Dickens was born in Portsmouth in 1812. He had a sad childhood since he had to work in a factory and his father was imprisoned.
He realized he had talent for writing so he learnt shorthand and became a journalist.
He used a pen name, Boz. He wrote in fact Sketches by Boz, a collection of articles describing Londn.
He became a novelist and his most important works are Oliver Twist, David Copperfield, Little Dorrit that were autobiographical, they all described his own childhood. He writes in fact about the exploitation of children in factories. Other novels are Bleak House, Hard Times and Great Expectations.
These novels underline the bad living and working condition of people. He died in 1870 and was buried in Poets’ Corner in Westminster Abbey.
Dickens was a storyteller; in fact, he takes inspiration from the Bible or fairy tales.
His plots are well planned.
He publishes in instalments so he had to conform his plots to the public taste.
He was not a revolutionary thinker, he did not want to change society, he just criticizes it.
He succeeded in making people aware of the evils of society.
He was a humanitarian; he was on the side of the poor. In fact, he says that it is useless to change institutions without a change of the heart. He wanted then a change of the spirit more than a change of the structures.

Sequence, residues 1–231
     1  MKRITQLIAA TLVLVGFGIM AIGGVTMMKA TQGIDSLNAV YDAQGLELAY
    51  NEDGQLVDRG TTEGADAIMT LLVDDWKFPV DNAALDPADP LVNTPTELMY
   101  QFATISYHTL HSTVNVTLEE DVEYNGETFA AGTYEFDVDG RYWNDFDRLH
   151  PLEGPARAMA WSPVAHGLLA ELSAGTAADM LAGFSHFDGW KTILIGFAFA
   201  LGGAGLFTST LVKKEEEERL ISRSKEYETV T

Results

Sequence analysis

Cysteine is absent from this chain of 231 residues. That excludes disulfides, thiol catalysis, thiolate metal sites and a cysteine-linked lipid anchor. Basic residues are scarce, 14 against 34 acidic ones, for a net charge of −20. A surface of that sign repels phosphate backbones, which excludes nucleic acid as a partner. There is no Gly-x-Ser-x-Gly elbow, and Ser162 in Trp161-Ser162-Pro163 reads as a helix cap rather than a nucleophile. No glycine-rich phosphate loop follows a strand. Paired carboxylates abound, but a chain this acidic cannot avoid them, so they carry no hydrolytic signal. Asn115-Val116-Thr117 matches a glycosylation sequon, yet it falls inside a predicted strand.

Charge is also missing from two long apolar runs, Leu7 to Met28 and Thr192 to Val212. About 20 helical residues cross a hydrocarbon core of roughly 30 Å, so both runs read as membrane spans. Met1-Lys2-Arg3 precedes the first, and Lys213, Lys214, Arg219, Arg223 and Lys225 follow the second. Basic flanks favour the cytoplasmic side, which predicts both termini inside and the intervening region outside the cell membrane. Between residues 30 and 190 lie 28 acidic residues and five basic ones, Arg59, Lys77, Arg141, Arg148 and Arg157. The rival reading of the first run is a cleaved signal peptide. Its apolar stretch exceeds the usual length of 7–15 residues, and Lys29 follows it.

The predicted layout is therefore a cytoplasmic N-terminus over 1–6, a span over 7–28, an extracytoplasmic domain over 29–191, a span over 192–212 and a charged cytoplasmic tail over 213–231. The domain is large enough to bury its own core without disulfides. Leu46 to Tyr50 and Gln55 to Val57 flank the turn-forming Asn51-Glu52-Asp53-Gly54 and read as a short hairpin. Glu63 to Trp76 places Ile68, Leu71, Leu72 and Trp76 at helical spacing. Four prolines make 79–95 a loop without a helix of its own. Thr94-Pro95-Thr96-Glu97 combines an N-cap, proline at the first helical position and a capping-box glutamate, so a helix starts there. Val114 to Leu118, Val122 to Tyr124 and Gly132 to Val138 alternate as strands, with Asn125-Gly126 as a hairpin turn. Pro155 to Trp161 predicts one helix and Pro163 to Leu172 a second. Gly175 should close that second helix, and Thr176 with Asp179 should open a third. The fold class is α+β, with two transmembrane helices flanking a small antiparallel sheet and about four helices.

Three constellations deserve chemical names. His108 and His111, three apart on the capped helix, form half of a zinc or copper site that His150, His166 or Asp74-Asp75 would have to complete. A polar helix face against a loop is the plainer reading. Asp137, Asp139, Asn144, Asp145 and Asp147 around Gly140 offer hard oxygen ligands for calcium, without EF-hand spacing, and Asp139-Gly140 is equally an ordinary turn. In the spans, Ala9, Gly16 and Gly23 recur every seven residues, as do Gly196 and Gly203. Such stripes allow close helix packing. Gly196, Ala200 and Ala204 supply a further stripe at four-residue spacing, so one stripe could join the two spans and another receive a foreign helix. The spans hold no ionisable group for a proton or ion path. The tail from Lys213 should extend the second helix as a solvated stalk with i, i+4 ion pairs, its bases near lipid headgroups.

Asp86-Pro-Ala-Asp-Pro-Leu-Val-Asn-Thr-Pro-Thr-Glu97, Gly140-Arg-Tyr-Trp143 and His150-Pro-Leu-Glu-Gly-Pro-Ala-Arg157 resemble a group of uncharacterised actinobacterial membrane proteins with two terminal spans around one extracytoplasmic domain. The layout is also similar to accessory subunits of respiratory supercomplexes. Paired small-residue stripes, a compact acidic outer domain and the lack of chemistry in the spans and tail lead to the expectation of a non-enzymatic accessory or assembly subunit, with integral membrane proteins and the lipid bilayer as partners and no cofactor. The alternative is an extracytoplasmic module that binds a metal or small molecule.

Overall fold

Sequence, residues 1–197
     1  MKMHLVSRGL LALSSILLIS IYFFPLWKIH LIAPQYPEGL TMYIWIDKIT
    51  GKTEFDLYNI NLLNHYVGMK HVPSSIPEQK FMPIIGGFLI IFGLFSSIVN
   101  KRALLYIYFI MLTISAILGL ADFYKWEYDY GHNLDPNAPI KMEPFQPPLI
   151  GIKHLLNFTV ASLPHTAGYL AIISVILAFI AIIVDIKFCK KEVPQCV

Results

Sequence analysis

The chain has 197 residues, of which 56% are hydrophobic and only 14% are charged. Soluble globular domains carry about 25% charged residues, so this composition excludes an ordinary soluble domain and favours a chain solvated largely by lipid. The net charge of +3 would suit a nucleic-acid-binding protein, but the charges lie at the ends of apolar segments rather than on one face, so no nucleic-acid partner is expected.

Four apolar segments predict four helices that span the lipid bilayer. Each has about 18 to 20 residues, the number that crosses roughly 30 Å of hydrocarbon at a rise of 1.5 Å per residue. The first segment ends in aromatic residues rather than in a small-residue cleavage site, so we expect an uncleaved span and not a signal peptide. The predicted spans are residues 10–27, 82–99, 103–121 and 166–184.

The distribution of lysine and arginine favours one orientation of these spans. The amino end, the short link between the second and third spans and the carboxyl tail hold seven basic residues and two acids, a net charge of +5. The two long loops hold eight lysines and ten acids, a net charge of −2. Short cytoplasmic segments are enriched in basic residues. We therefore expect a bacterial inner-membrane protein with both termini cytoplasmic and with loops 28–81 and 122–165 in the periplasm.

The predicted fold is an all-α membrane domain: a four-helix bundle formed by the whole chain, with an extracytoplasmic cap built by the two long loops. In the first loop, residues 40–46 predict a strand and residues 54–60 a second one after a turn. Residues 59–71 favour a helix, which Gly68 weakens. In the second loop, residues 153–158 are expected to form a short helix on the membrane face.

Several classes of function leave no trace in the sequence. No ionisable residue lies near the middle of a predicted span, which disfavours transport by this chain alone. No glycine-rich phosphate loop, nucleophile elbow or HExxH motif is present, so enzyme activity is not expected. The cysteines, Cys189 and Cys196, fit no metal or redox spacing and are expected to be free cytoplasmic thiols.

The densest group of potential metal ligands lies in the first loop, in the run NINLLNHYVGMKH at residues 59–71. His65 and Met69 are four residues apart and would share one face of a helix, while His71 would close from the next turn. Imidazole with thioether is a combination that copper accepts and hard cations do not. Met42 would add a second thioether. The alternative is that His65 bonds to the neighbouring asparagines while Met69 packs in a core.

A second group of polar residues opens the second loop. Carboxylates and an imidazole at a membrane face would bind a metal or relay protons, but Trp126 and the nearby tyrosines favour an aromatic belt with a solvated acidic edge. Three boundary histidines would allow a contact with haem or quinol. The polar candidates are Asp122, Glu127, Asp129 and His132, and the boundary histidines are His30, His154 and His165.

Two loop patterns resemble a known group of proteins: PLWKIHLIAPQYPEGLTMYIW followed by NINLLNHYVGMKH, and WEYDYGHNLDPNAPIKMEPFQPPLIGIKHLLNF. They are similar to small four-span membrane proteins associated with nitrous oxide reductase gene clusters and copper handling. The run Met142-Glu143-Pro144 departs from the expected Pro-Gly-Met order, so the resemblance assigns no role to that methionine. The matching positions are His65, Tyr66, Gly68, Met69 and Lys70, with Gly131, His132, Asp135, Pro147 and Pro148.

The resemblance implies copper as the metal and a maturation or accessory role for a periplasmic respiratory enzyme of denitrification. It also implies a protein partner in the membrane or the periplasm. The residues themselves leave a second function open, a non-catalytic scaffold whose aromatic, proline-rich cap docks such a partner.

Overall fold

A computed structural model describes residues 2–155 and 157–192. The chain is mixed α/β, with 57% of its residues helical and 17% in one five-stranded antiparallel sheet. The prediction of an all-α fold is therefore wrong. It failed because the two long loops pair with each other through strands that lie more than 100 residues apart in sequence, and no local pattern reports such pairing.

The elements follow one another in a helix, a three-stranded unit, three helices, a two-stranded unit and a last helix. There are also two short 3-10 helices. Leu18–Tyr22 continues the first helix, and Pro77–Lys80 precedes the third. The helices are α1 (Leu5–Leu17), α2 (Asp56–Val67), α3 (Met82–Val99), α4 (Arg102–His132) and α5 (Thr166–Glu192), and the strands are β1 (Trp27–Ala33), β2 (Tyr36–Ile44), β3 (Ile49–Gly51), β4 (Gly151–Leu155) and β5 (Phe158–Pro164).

He was a liberalist and he got inspired by the American and French revolutions that were based on the ideals of freedom, equality and brotherhood, in one word: democracy. He says that England had lost equality and brotherhood.
In Hard Times, he championed equality.
A typical idea was benevolence whose main symptoms are: generosity; kindness; a feeling for suffering caused by poverty sickness and cruelty; indignation against abuses and benign temper.
Money is the key word in Dickens’ novels. He says that money is an instrument of imprisonment and cruelty, but men are obsessed by money’s power.
He also criticizes charitable institutions and was against the distinctions of deserving and undeserving. He was against the Chartism.
Dickens created caricatures, so he exaggerated and ridiculed the characters of all social classes using their own voices.
He wanted to teach people their real living conditions and wanted to make reach people aware of the bad living and working conditions of the poor. Children have an important role in Dickens’ works since they become moral teachers and examples for adults.
Style and Structure
He uses the most appropriate language to describe people’s lives. He carefully chooses the adjectives, repetitions of words and structure, juxtapositions of images.